Painkillers research findings, Iceland volcano warning, AI tech to help police and more; all the stories from Thursday’s episode of our Tech & Science podcast.
A study suggests the long-term use of painkillers at a young age could be linked to poor mental health and addiction later in life.
Researchers at St George’s, University of London, and the University of Liverpool looked at the anonymous medical records of more than 800,000 people aged between two and 24.
The researchers found a 31% and 17% higher risk of poor mental health and substance misuse among those who were exposed to regular painkillers at a young age.
In Iceland, the country’s Met Office has said the country’s south-western peninsula could face decades of volcanic instability.
Pictures have emerged this month of cracked roads in Iceland caused by earthquakes.
Fears they could spark volcanic eruptions have led to the evacuation of the small fishing town of Grindavik.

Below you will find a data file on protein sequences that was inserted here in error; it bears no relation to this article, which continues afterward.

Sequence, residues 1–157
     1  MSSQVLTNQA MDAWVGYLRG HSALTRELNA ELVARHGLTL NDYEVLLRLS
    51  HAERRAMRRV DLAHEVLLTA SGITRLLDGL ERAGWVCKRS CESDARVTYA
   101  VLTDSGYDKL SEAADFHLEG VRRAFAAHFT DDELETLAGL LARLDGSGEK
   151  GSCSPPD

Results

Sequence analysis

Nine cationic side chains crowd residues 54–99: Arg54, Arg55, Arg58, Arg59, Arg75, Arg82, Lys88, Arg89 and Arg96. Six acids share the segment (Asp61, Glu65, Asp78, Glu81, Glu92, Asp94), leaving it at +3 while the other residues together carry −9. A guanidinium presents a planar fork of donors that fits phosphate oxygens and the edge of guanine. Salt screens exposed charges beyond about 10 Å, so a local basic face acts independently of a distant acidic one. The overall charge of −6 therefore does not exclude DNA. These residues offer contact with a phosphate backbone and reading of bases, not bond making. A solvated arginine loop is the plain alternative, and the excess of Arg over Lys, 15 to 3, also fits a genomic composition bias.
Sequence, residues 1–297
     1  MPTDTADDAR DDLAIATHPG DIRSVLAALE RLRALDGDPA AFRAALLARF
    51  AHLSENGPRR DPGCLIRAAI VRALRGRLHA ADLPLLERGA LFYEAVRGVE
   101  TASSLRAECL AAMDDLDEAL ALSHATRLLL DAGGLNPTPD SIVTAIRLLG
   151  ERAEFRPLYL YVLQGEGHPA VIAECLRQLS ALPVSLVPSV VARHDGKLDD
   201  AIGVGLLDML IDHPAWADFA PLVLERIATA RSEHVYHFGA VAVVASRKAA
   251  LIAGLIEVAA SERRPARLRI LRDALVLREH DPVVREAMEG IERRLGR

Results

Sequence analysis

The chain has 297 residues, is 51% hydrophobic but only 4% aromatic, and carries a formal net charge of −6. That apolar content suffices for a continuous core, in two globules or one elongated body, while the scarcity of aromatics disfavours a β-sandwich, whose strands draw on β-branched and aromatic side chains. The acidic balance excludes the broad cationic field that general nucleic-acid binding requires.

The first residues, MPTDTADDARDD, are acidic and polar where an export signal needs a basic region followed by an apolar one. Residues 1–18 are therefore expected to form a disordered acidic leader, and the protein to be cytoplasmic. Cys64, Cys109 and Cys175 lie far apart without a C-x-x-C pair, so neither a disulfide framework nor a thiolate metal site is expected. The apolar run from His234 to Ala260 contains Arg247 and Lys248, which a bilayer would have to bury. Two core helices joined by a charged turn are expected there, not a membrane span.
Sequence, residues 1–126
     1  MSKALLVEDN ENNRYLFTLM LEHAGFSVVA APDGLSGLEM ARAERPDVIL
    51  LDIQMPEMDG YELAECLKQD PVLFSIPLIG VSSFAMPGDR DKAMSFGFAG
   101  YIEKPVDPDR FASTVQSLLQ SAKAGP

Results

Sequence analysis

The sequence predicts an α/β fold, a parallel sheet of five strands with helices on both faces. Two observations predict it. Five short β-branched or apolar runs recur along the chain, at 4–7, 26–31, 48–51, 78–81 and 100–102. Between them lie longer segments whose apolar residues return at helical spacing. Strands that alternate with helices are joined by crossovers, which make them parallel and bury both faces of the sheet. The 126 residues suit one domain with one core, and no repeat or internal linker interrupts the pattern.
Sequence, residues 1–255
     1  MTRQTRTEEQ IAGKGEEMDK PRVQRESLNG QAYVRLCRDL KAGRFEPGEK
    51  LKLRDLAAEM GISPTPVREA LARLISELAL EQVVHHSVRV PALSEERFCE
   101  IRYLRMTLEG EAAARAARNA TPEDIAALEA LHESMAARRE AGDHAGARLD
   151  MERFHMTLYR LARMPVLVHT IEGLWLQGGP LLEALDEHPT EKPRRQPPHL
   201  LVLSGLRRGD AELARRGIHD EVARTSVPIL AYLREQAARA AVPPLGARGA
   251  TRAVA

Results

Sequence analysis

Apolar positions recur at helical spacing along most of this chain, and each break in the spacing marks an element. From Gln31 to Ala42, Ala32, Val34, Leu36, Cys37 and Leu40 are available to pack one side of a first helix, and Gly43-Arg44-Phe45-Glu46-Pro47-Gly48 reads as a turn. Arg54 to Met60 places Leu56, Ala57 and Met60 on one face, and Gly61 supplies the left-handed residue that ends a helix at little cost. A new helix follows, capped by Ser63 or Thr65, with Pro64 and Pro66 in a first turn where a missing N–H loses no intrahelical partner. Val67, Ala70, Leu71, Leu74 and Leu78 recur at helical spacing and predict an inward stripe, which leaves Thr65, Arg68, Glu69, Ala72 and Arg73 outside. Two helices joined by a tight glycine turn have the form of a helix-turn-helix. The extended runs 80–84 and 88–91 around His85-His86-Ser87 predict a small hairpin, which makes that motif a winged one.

The last time eruptions occurred on the Reykjanes Peninsula was in 2021 after an 800-year hiatus, marking the start of a new “eruptive cycle” according to the country’s Met Office team.
New police technology has been unveiled that could detect whether someone is carrying a knife from a few metres away.
At a summit in London, Paul Taylor, scientific advisor to the National Police Chiefs’ Council, said that sensors would be used to detect metal, with AI to distinguish a weapon from so-called “pocket clutter”.
He said the system could be ready to pilot in a year’s time, with more advanced versions available to use in two.
Astronomers have observed what they call a ‘fluffy’ planet, where it rains sand droplets.
Data from the James Webb Space Telescope show the planet, called WASP-107b, is around 200 light-years away, and has a ‘dynamic atmosphere’ made up of water vapour, sulphur dioxide, and sand clouds.
WASP-107b is just a bit smaller than Jupiter, but its mass is less than 10% of the gas giant, making it one of the lowest density exoplanets known, thus earning the label “fluffy”, like candy floss.
Also in this episode:
Meta’s Threads platform begins testing hashtags & trending topics, rise in employers using AI to help recruit university graduates, Adobe’s AI tool designed to break apart messy audio, and why ‘hallucinate’ is the Cambridge Dictionary word of the year for 2023.Mental Health News